Fake reviews make consumers more than twice as likely to choose poor-quality products – Which? News

Over the last two years, Which? research into fake reviews has discovered how unscrupulous sellers are able to ‘game’ online platforms to misrepresent products and services.

In a one of a kind behavioural experiment, the true impact of fake reviews has now been demonstrated.

Our research tested a range of scenarios involving fake review activity, and in every one it showed an adverse effect on consumer behaviour. In the worst instance, we found that people were more than twice as likely to buy a poor quality product that had been boosted by fake reviews.

Alongside our previous work into fake reviews, the evidence underlines the importance of the CMA’s (Competition and Markets Authority) recently announced investigation into misleading online reviews.

Find out how to spot a fake review, and join our campaign to help stop fake reviews.

Video: the true impact of fake reviews

Watch our video to find out how fake reviews could be manipulating you.

The Which? fake reviews behavioural experiment

We asked 10,000 people to complete a shopping task using images designed to look like the Amazon website – though pages and content that were shown to participants as part of the survey were not real Amazon pages or content. Amazon was chosen as it is likely to be familiar to the greatest number of consumers, but Which? believes the findings of the experiment are equally applicable to other online platforms hosting user generated reviews.

Participants were asked to pick one of three product types: headphones, dash cams or cordless vacuum cleaners, areas where Which? has previously found clear evidence of fake reviews.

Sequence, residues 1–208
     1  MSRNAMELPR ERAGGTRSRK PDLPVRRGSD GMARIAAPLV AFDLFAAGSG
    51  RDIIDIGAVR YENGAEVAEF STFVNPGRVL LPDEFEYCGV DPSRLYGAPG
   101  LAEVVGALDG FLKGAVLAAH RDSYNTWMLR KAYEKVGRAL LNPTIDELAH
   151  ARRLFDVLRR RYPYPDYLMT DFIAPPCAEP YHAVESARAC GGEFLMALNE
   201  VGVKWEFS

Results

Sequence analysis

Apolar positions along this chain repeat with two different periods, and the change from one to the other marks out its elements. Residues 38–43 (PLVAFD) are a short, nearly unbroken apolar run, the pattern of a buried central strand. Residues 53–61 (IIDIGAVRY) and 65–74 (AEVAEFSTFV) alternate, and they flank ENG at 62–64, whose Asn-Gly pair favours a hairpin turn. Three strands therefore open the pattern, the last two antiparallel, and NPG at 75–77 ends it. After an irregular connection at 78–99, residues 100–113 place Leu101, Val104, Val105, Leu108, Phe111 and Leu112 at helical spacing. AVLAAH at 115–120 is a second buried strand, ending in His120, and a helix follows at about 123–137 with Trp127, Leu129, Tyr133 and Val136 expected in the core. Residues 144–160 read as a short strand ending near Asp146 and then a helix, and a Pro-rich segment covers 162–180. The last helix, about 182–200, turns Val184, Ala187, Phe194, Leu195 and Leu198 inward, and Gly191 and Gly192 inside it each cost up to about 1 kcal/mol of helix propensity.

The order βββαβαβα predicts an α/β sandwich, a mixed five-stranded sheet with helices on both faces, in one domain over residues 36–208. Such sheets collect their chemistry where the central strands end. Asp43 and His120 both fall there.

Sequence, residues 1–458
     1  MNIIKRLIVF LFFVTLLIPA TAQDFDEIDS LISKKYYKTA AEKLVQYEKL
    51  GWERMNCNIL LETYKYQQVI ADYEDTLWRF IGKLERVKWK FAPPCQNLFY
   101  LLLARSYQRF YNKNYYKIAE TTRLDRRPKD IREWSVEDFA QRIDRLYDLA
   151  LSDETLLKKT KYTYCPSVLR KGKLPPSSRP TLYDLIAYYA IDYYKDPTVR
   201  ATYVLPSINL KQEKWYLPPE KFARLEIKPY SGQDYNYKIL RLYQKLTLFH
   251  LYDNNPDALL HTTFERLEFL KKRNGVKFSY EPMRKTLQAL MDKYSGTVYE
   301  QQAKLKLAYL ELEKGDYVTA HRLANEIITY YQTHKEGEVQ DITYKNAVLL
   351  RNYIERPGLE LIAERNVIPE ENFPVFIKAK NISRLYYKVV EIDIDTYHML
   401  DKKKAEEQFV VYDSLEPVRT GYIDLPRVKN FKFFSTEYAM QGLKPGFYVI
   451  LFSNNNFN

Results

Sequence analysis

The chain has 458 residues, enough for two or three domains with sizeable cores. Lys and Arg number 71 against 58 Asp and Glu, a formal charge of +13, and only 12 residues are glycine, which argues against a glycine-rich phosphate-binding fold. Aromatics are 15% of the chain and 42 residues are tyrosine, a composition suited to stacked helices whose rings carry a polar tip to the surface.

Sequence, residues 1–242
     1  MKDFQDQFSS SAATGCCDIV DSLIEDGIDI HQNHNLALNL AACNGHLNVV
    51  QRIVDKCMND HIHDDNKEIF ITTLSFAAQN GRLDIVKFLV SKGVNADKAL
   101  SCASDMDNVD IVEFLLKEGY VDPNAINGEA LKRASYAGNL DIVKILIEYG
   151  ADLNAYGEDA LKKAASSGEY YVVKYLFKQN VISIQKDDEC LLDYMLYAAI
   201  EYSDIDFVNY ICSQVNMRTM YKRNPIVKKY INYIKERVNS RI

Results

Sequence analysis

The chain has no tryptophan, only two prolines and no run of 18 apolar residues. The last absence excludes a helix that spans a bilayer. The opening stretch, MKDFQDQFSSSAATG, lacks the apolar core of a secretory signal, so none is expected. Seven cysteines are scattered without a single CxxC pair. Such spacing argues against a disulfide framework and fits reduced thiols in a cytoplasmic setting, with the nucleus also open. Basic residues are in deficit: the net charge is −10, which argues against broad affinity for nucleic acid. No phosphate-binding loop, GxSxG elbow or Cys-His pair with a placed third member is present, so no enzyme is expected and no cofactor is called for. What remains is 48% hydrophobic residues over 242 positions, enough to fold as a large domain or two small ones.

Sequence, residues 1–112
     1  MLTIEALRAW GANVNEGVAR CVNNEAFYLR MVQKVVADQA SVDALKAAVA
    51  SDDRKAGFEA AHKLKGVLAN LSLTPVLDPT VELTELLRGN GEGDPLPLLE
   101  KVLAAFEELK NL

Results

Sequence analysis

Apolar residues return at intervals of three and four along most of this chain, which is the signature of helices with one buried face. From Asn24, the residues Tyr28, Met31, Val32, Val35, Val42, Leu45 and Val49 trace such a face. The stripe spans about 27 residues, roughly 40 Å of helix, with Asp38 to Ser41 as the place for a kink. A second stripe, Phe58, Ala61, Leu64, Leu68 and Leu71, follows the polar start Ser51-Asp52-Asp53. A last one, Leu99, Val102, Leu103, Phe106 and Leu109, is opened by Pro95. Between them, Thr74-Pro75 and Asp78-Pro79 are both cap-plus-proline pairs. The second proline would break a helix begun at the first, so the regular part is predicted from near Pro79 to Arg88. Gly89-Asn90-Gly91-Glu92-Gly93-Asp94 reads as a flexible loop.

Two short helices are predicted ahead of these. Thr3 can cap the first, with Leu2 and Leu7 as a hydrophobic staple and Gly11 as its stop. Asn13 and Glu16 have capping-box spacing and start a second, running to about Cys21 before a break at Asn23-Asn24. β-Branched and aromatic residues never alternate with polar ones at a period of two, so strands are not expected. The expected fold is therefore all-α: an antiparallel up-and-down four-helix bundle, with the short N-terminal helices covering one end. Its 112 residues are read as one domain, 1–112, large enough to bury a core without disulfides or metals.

In each category, participants were shown five identically-priced products: a Which? Best Buy, three ‘fillers’ with mediocre reviews and a Don’t Buy which may or may not have been manipulated by fake reviews. They could read information about the five products, including seven reviews for each, before deciding which they would most like to buy in real life. 

In each of six randomly allocated groups, varying degrees of fake review activity were shown, from inflated star ratings to the addition of a platform endorsement label, which can often be influenced by high review ratings. 

We also added text that Which? investigations have previously found in suspicious or fake reviews, such as repetition in the subject titles and review text, overly positive language, and grammatical errors. 

We then looked at the impact this fake review activity had on product selection.

Fake reviews consistently influence selection

The graph above shows the percentage of people who chose the Don’t Buy product. In a control group where no fake review activity was simulated, just over 10% of people selected it. In each of the other groups, which applied varying degrees of fake review activity, a significantly higher proportion of people chose this product.

Treatment group four, which involved an inflated star rating, fake review text, and a platform endorsement to further indicate product approval, saw a 136 per cent increase in demand for the Don’t Buy product, meaning participants were more than twice as likely to buy it. 

Even just increasing the average star rating and number of reviews on the Don’t Buy product led to an increase of 55 per cent when compared to no fake activity.  

Which? research into fake reviews

Which? has illustrated many of the pitfalls of fake review activity in a number of investigations. In February this year we showed how platform endorsements such as Amazon’s Choice can be flawed – sellers were able to artificially achieve endorsement status through the use of tactics like incentivisation, which is against Amazon’s policies. In September we reported how fake reviews on Tripadvisor could help push hotels up the rankings.